The Relationship Between Health Screening Behaviors, Practices and Workload of Family Physicians

Aysel Aydoğan Köken, Gizem Limnili, Nilgün Özçakar

Keywords: Health screening behavior, Workload

Primary care physicians play a critical role in health screening. This role emerges with physicians' increased awareness of the social, environmental and societal determinants of health, with the ability to recognize and intervene with patients' individual risk factors. In daily practice, family physicians need to deal with this work as well as diagnosis and treatment. Therefore, the relationship between family physicians' health screening behaviors and practices and workload is important.

Research questions:
What is the relationship between health screening behaviors, practices and workload of family physicians in İzmir, Turkey?

This cross-sectional study was conducted with 259 family physicians working in Family Health Center (FHC)s in Izmir. Questionnaire that has sociodemographic data, questions evaluating family physicians’ health screening behavior and workload was applied. In analyzing t test, ANOVA and correlation analysis were used. p<0.05 was considered significant.

The mean age was 53.53±5.96 years. 43.6% were female and 89.2% were married. Time worked as a family physician is 13.36±4.85 (Min:2-Max:30) years. Mean score of health screening behavior was found 3.67±0.45. Workload mean score was found to be 3.49±0.58. It was found to be significantly higher both in the group with a high mean number of patients given daily health care (3.62 ± 0.46; p<0.001) and in the group with a high mean number of patients enrolled in the FHC.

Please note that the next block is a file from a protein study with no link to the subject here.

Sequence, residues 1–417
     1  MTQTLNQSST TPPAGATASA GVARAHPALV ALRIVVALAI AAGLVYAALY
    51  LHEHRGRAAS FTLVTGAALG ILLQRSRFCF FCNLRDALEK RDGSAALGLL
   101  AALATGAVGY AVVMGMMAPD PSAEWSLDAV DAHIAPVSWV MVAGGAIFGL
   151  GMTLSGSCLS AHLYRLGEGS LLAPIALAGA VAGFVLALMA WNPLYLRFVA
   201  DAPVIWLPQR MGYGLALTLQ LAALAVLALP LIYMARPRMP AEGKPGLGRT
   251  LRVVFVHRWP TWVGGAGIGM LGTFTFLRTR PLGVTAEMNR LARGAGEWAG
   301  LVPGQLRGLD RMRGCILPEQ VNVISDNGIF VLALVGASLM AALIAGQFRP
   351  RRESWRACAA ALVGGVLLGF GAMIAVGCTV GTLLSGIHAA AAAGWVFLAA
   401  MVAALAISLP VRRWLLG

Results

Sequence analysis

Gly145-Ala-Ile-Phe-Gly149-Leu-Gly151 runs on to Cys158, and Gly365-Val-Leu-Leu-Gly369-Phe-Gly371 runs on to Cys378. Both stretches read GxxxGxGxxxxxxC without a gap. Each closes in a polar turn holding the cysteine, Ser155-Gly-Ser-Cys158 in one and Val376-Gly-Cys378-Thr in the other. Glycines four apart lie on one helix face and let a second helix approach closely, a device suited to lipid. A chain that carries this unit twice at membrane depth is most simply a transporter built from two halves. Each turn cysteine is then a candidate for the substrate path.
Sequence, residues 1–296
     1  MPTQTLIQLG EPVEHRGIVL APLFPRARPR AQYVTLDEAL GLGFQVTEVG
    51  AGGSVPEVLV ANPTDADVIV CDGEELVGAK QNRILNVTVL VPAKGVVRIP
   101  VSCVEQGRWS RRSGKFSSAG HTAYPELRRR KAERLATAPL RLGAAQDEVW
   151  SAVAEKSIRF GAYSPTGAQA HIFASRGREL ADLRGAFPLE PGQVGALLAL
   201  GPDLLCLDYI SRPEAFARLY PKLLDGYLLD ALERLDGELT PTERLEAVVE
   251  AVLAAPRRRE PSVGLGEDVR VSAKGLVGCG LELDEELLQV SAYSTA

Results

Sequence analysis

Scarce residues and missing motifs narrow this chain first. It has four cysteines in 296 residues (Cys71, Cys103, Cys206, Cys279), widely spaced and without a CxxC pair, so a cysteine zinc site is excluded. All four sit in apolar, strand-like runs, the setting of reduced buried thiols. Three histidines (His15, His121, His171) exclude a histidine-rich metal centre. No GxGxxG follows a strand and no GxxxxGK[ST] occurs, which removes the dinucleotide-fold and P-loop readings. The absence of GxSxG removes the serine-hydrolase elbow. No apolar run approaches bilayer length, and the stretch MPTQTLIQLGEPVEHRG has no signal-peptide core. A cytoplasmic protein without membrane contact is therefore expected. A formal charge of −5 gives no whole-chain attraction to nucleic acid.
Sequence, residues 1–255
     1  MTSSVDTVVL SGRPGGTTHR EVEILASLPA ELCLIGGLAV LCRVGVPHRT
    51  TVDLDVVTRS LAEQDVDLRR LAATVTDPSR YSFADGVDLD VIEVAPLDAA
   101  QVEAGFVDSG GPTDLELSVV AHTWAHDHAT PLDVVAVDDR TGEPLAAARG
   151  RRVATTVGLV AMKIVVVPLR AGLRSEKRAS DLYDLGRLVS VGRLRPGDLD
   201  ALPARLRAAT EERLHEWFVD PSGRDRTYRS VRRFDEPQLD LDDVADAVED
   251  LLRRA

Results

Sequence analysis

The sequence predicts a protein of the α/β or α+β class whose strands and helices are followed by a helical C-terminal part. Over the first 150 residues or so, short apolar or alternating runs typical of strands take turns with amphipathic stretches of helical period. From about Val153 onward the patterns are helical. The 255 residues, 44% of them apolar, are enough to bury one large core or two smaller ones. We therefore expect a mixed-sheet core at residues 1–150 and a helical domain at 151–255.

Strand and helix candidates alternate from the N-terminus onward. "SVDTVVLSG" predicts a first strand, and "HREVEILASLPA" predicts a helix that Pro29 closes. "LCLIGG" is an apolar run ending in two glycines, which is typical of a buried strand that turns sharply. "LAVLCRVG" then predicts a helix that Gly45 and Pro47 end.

Making the time to provide preventive services is one of the most challenging obstacles, as many of physicians work in systems that reward patient care as a performance appraisal. Decrease in the number of patients registered in the FHC; it will reduce the workload of family physicians to make health screenings more common and regular. The screening risk assessment approach, which includes the basic provisions for disease prevention and screening throughout the life cycle, provides the community oriented primary care approach.

Points for discussion:
Adjusting physicians’ medical practices to improve screening and disease prevention practices in adults is important in reducing the workload.